As we launch into 2018, the signs of the times point to an exceptional outcome for U.S. pork producers. We live in an age characterized by random shocks, so the future is always filled with contingencies, but if you could (reasonably) tee up the coming year any better, I am not sure how. Let’s look at the foundations for 2018, starting with demand. Within limits, the politics and hand-wringing associated with trade deals will come and go, but U.S. exports will remain strong because global income is expected to continue to rise throughout 2018.
More income, not more people, means more pork demand.
U.S. producers are a proven, dependable supplier of large quantities of high quality pork, provisioned to final user demand and supplied at reasonable cost. Almost 25% of the carcass now travels to another country for consumption.
In addition, even though the U.S. is certainly not bulletproof to export-halting diseases, the combination of a dynamic, multidisciplinary veterinary consulting network, the availability of several state-of-the-art diagnostic labs, multipronged USDA support including customs and border protection, and a country focused on preparedness and education, all means the level of resilience to problems has never been higher, though we hope it is not tested.
Domestic demand is quite possibly stronger than it has ever been, largely fueled by the never-ending uses of the primal belly.
The U.S. industry is gradually moving toward a producer-planned and controlled chain. The locus of control is shifting toward highly coordinated and/or integrated production and processing, because the sizeable value capture from the transparency created between that interface is compelling.
This is not to say large-scale, coordinated production is the only way to go. Neither is it easy, by any stretch, to comprehensively manage and extract its inherent value proposition. However, the emergence of big data technologies will facilitate a strong and improved value capture by those innovators who create the systems and culture to make it happen.
The U.S. industry added two large-scale packing plants in 2017 and some additional midsize plants, and the two largest were in this emerging model. The plant (and associated production) expansions were carried out in an orderly fashion, minimizing destructive competitive warfare. Existing plants that were predicted to lose hogs planned early and arranged a new dedicated supply in time to minimize disruption. It seems the marketing of the pork was planned before the building of the plants, which is the way it’s supposed to be.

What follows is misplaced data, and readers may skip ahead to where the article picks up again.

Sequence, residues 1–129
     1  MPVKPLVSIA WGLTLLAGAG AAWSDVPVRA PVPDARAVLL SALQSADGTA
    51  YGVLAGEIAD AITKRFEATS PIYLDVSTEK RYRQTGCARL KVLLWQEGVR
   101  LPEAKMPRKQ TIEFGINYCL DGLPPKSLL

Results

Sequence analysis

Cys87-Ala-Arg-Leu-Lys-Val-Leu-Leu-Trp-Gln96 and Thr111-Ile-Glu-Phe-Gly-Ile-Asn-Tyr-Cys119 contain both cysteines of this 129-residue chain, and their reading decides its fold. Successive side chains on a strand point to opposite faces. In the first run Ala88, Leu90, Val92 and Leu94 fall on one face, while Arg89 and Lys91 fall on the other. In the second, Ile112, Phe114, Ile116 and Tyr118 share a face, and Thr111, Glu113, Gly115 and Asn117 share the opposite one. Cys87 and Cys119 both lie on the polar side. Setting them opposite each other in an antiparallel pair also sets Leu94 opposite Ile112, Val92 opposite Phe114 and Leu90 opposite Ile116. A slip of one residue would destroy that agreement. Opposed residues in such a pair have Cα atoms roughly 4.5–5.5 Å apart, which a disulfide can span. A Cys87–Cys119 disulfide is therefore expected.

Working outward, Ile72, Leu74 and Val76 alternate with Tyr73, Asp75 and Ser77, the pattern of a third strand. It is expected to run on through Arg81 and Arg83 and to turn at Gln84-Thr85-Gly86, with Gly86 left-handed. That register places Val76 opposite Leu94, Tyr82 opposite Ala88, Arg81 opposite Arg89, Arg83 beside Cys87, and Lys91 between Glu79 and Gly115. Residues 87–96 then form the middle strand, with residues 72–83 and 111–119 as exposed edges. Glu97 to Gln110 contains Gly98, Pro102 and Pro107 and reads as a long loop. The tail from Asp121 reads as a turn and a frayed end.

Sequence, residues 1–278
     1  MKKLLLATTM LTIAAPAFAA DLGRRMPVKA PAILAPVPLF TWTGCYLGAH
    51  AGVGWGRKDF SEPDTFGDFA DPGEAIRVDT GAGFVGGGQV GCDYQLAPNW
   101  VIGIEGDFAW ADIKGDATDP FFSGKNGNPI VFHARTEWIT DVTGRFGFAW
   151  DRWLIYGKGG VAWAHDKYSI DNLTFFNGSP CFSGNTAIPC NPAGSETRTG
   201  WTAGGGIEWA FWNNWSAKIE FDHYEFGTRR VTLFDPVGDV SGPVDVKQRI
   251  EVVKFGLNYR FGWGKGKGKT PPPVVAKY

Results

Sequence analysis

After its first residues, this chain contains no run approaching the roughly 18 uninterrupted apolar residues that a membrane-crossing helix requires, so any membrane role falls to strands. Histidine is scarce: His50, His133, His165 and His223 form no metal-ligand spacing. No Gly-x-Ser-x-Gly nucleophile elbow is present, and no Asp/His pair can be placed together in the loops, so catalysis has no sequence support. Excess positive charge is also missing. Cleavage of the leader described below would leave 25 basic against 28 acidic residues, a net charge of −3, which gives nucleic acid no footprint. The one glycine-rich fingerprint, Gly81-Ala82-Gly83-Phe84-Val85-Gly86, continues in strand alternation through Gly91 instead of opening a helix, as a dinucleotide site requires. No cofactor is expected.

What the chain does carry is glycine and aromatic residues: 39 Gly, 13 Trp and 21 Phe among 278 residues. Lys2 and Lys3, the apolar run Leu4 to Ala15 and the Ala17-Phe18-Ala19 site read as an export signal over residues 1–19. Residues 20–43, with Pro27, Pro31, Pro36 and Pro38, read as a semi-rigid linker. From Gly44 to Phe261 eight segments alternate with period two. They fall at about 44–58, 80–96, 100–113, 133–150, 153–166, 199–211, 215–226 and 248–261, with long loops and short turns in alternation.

None of the above scenarios would have been executed without the expectation of long-term profitability.
Here, several sea-change events underpin big, positive expectations. First, we are in a very stable period of record or near-record global coarse grain/feed ingredient production, which will keep feed costs low and reasonable for many months ahead.
As an example, USDA forecasts for 2017/18 U.S. corn output keep growing on the back of record-high yields. In addition, the feed industry worldwide is consolidating and recently exceeded an unprecedented production of 1 billion metric tons on 7% fewer mills, according to the 2017 Alltech Global Feed survey.
While this is feed of all types, the trend is toward creating better quality feed at a lower cost from larger, more technologically driven mills. This simply stacks on the advantages of large, global feed ingredient production capacity.
Droughts happen and will no doubt happen again, but right now, low feed costs will drive high carcass weights and exceptional profitability into 2018 for U.S. producers.
New tax code
The long-awaited restructuring of the U.S. tax code and reduction of corporate tax rates promises to drive U.S. gross domestic product (a measure of national income) up over 3% for the extended future. In addition, it is predicted to create almost one million new jobs and raise wages 2.9% says the Tax Foundation.
Rising incomes are associated with more dining at restaurants, too, where pork dominates the breakfast menu as well as the ever-innovative use of bacon.
The current U.S. government focus on the reduction of regulations and red tape is part of a stunning reversal of a long-term trend toward more and more government management of everyday activities as well as business activities. The scope of this reduction includes not only the outright elimination of some key business-dampening regulations, but the removal of bureaucratic authority to create new regulations and adjudicate enforcement of those regulations completely outside of the legislative process.
Apparently, that puddle on your farm is no longer going to be viewed as part of the navigable waters of the U.S. except maybe by one of your kids with a plastic boat.
No shortage of fuel
Lastly, the discovery of very large U.S. energy supplies in the form of fossil fuels (shale deposits as well as crude oil on- and offshore) coupled with the cost-effective means to extract them has essentially led to the long-sought goal of U.S. energy independence and dramatic reductions in gasoline prices. To cap things off, the U.S. continues to experience a very low long-term cost of capital (borrowing is cheap) and inflation is inexplicably nowhere to be found yet.
Throughout the coming year we will keep you abreast of how this coinciding set of positive events plays out. No doubt there are some unanticipated speed bumps ahead but maybe too, some additional upbeat surprises.
Dennis DiPietre and Lance Mulberry are economists with KnowledgeVentures, LLC. They consult with producers, processors, pharmaceutical companies, genetics firms, nutrition and technology providers throughout the global pork chain. The focus of their consultation is driving client innovation and optimization in precision agricultural processes through bio-economic modeling. Call (573) 875-7890 or email: email@example.com